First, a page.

23 Female Entrepreneurs Under 30 Who Are Bossing Life

The #girlbosses you need to know

From pulling pints in a pub to self-fund their business ventures to funding business education for women in rural India from selling sportswear, these twentysomething women reveal the inspiration behind their businesses and how they made a success out of their dreams.


Rachel McCoubrie (24) and Elizabeth Robinson (30); Co-founders and owners of LRM Goods

Rachel: Libby and I met at work and discovered that we shared a common entrepreneurial spirit and loved anything personalised.

Last November, Libby wanted to buy me a Navy Blue personalised passport holder with my initials for my birthday but could only find premium brands that stocked holders worth over £70. 

As a result, we identified a gap in the market for beautiful leather goods, personalised with your chosen initials, at an affordable price. 

The most important thing we learned from starting our business is that if you believe in yourself and put your mind to something, things can and will happen. 

Find your passion and let nothing stop you. There will be times when you will feel completely out of your comfort zone, but embrace this and absorb all the new skills and experiences you can. Don't ever be intimated by obstacles or challenges - you will look back and realise they were put in place for a reason. 

Visit LRM Goods here


Bianca Miller-Cole; 27; CEO of Personal branding company 'The Be Group' and diverse hosiery brand 'Bianca Miller London'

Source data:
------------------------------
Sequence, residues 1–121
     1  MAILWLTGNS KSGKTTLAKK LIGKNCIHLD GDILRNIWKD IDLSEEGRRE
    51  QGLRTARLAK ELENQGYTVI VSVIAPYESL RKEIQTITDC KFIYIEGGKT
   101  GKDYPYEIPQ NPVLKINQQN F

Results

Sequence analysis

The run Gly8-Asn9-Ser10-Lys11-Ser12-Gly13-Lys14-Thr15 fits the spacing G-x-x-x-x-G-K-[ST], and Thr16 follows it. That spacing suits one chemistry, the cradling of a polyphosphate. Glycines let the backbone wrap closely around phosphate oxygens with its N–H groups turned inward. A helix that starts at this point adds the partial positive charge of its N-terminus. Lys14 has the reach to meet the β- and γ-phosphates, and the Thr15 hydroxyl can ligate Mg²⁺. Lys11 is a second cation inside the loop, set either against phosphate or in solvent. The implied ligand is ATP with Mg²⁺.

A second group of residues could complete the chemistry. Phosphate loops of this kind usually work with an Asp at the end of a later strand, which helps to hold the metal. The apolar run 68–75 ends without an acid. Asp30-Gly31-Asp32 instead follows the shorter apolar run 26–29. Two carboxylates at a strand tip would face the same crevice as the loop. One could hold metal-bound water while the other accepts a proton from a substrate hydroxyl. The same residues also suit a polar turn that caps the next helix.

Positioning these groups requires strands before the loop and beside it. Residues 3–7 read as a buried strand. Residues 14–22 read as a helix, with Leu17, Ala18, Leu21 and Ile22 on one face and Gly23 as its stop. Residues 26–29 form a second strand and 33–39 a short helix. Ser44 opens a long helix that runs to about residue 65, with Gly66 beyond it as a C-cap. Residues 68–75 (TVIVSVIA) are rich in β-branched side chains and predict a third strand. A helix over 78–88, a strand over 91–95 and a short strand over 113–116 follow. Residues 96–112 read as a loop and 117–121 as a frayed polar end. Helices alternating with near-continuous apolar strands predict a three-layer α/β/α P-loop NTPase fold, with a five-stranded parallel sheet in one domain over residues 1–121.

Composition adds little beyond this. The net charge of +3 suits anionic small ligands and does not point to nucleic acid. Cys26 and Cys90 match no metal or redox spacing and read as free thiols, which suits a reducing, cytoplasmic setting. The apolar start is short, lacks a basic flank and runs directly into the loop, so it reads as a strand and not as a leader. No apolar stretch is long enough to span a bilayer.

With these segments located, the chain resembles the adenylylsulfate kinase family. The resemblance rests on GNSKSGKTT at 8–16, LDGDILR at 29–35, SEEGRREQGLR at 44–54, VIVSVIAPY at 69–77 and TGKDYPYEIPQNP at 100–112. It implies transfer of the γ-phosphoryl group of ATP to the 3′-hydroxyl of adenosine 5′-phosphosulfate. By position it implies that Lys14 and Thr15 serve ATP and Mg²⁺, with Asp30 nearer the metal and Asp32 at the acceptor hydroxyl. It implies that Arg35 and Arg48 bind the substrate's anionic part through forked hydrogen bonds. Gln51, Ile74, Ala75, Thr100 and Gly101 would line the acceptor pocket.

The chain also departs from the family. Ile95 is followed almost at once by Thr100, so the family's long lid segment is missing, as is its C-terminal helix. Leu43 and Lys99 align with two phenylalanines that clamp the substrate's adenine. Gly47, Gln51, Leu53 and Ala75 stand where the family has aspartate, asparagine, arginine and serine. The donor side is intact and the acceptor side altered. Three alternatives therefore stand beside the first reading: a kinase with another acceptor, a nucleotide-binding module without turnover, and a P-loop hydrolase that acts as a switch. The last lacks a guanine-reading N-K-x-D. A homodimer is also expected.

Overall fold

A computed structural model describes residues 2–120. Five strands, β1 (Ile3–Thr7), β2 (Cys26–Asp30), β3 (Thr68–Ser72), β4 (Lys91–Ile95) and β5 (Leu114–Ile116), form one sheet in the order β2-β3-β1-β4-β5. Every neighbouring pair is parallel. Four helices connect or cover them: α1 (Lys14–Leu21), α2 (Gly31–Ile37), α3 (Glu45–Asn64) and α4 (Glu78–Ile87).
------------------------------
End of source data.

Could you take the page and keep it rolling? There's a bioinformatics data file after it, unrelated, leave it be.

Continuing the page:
'I started my first business 'The Be Group' aged 23-years-old after working in the city and seeing that there were a number of people at various stages of the career lifecycle who needed assistance with understanding the value of their 'personal brand'. 

When I started the business, I was young and fairly naive but over the last four and a half years I have grown the business from nothing to having an amazing list of blue chip clients (Accenture, EY, Barclays, HSBC, Mercer, Alliance, Olswang LLP etc), universities and schools. 

In 2014, after having my own personal frustrations with not being able to find the right 'nude' tights to match my skin tone, I took my business plan to redefine nude hosiery by offering a variety of colours to suit all skin tones onto the BBC show, The Apprentice

My hosiery brand 'Bianca Miller London' launched online in November 2015 providing eight shades of nude to compliment all women - from English rose to darker African skin tones. In August 2016 we launched internationally with Topshop. 

I have learnt a lot in business about what it takes to succeed - the importance of having a vision, accepting feedback, the ability to negotiate, how to turn no into yes, being determined and so on.